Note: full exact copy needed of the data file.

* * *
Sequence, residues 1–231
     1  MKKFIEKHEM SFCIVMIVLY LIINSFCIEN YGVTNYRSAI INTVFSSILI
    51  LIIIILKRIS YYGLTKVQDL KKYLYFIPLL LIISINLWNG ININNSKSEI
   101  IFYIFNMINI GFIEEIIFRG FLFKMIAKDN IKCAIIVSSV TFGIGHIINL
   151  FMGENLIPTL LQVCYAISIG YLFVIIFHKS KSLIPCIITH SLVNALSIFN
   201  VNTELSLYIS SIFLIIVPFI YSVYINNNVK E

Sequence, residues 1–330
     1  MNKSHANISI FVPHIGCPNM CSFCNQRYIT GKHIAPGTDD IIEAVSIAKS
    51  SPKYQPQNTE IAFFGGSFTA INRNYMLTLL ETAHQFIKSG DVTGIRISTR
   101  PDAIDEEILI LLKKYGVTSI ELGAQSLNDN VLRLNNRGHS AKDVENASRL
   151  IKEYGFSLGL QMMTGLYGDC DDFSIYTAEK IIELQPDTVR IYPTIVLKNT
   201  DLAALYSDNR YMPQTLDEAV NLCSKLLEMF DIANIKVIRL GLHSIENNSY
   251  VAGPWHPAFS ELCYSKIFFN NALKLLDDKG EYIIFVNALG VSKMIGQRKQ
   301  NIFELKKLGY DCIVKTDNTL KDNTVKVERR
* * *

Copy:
Sequence, residues 1–231
     1  MKKFIEKHEM SFCIVMIVLY LIINSFCIEN YGVTNYRSAI INTVFSSILI
    51  LIIIILKRIS YYGLTKVQDL KKYLYFIPLL LIISINLWNG ININNSKSEI
   101  IFYIFNMINI GFIEEIIFRG FLFKMIAKDN IKCAIIVSSV TFGIGHIINL
   151  FMGENLIPTL LQVCYAISIG YLFVIIFHKS KSLIPCIITH SLVNALSIFN
   201  VNTELSLYIS SIFLIIVPFI YSVYINNNVK E

Sequence, residues 1–330
     1  MNKSHANISI FVPHIGCPNM CSFCNQRYIT GKHIAPGTDD IIEAVSIAKS
    51  SPKYQPQNTE IAFFGGSFTA INRNYMLTLL ETAHQFIKSG DVTGIRISTR
   101  PDAIDEEILI LLKKYGVTSI ELGAQSLNDN VLRLNNRGHS AKDVENASRL
   151  IKEYGFSLGL QMMTGLYGDC DDFSIYTAEK IIELQPDTVR IYPTIVLKNT
   201  DLAALYSDNR YMPQTLDEAV NLCSKLLEMF DIANIKVIRL GLHSIENNSY
   251  VAGPWHPAFS ELCYSKIFFN NALKLLDDKG EYIIFVNALG VSKMIGQRKQ
   301  NIFELKKLGY DCIVKTDNTL KDNTVKVERR